Responses of microbial communities in Arctic sea ice after contamination by crude petroleum oil

TitleResponses of microbial communities in Arctic sea ice after contamination by crude petroleum oil
Publication TypeJournal Article
Year of Publication2008
AuthorsBrakstad O G, Nonstad I, Faksness L-G, Brandvik P J
JournalMicrobial Ecology
Volume55
Pagination540-552
Date PublishedApr
ISBN Number0095-3628
Accession NumberBIOSIS:PREV200800288584
KeywordsOil and Gas Degradation
AbstractMicrobial communities associated with Arctic fjord ice polluted with petroleum oils were investigated in this study. A winter field experiment was conducted in the Van Mijen Fjord (Svalbard) from February to June 2004, in which the ice was contaminated with a North Sea paraffinic oil. Holes were drilled in the ice and oil samples frozen into the ice at the start of the experiment. Samples, including cores of both oil-contaminated and clean ice, were collected from the field site 33, 74, and 112 days after oil application. The sampled cores were separated into three sections and processed for microbiological and chemical analyses. In the oil-contaminated cores, enumerations of total prokaryotic cells by fluorescence microscopy and colony-forming units (CFU) counts of heterotrophic prokaryotes both showed stimulation of microbial growth, while concentrations of oil-degrading prokaryotes remained at similar levels in contaminated and clean ice. Analysis of polymerase chain reaction (PCR)-amplified bacterial 16S rRNA gene fragments by denaturing gradient gel electrophoresis (DGGE) revealed that bacterial communities in oil-contaminated ice generated fewer bands than communities in clean ice, although banding patterns changed both in contaminated and clean ice during the experimental period. Microbial communities in unpolluted ice and in cores contaminated with the paraffinic oil were examined by cloning and sequence analysis. In the contaminated cores, the communities became predominated by Gammaproteobacteria related to the genera Colwellia, Marinomonas, and Glaciecola, while clean ice included more heterogeneous populations. Chemical analysis of the oil-contaminated ice cores with determinations of n-C17/Pristane and naphthalene/ phenanthrene ratios indicated slow oil biodegradation in the ice, primarily in the deeper parts of the ice with low hydrocarbon concentrations.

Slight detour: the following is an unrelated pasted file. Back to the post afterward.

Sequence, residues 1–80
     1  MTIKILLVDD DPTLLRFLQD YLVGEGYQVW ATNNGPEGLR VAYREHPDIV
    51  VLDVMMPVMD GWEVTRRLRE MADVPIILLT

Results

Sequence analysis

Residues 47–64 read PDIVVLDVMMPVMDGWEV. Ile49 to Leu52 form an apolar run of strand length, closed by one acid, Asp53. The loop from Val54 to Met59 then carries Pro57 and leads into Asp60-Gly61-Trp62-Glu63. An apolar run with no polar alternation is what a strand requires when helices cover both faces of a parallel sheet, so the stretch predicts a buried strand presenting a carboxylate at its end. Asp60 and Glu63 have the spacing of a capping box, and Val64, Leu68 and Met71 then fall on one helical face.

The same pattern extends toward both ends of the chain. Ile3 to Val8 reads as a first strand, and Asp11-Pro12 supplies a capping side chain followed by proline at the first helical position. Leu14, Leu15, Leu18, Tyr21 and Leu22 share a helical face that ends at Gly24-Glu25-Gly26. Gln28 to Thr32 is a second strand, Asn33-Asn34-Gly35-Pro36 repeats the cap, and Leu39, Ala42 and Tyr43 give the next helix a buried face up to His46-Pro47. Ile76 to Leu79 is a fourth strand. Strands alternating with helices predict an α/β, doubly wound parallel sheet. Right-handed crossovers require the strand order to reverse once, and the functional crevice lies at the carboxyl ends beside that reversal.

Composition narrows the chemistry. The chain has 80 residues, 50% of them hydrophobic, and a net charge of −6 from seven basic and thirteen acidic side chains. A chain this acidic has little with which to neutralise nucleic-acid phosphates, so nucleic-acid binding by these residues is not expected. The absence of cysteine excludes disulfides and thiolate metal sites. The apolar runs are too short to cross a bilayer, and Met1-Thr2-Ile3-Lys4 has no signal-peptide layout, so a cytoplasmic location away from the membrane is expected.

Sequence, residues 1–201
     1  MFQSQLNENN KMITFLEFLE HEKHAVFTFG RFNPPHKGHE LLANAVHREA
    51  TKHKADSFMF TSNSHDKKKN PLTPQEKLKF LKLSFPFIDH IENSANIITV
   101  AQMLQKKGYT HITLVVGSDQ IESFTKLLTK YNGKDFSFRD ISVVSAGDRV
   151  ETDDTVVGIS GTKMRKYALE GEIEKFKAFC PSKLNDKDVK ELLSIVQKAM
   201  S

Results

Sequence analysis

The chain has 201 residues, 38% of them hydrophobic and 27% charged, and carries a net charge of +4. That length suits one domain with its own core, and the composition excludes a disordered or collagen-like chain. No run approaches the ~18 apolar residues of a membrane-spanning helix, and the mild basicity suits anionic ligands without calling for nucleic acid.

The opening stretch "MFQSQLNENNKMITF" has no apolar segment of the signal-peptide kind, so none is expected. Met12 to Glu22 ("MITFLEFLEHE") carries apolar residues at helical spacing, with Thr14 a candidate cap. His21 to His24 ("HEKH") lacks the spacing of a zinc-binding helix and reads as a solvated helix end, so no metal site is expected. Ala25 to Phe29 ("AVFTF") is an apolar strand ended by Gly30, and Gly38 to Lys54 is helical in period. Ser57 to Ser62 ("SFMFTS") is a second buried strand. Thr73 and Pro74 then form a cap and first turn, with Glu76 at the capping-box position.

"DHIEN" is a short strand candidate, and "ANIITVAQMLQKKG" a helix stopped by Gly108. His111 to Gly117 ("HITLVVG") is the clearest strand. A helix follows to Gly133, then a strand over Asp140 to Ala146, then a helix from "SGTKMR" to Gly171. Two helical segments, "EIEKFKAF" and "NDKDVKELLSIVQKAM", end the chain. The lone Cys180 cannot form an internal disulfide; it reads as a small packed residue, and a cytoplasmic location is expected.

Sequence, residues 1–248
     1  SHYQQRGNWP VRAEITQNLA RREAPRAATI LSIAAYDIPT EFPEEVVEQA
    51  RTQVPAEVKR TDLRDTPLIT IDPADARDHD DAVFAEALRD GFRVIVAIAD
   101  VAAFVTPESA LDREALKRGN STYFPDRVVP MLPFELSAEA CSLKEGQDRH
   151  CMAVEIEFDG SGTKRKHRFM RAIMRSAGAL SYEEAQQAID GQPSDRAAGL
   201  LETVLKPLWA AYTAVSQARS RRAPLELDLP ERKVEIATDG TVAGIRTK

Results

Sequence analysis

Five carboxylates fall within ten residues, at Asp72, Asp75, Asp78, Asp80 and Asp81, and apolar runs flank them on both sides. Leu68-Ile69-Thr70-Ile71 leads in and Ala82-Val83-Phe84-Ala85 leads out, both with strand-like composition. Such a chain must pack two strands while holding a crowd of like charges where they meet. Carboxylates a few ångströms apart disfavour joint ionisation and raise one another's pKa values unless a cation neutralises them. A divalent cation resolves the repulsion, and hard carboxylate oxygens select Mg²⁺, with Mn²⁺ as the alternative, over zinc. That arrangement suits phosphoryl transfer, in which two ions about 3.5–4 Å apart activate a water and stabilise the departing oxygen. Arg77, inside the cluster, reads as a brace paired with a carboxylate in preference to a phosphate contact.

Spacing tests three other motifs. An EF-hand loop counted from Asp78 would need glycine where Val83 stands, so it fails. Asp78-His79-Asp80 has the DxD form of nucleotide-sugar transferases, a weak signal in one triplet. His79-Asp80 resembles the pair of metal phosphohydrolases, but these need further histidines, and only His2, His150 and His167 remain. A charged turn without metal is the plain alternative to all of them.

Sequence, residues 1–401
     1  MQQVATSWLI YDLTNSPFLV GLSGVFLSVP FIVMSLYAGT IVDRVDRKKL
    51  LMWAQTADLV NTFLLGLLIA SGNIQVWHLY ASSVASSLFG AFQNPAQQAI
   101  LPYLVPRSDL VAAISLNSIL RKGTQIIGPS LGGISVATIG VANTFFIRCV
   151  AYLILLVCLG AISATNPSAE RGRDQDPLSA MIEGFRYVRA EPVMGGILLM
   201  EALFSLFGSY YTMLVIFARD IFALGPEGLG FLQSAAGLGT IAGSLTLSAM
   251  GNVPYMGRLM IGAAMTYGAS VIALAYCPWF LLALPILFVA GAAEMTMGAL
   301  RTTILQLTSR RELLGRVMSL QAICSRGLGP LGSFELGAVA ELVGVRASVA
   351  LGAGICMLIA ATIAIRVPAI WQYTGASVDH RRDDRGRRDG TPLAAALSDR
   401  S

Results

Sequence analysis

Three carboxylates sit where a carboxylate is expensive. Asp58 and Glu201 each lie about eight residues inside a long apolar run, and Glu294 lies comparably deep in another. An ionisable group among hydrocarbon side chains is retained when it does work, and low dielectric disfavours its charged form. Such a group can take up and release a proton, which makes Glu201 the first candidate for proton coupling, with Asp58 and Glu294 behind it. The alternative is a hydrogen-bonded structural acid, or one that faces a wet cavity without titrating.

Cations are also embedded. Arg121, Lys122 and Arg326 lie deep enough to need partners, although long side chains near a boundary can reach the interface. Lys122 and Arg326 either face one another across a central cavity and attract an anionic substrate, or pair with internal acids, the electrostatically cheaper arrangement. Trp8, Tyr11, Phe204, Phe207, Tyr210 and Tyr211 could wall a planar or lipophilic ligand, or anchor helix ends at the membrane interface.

DOI10.1007/s00248-007-9299-x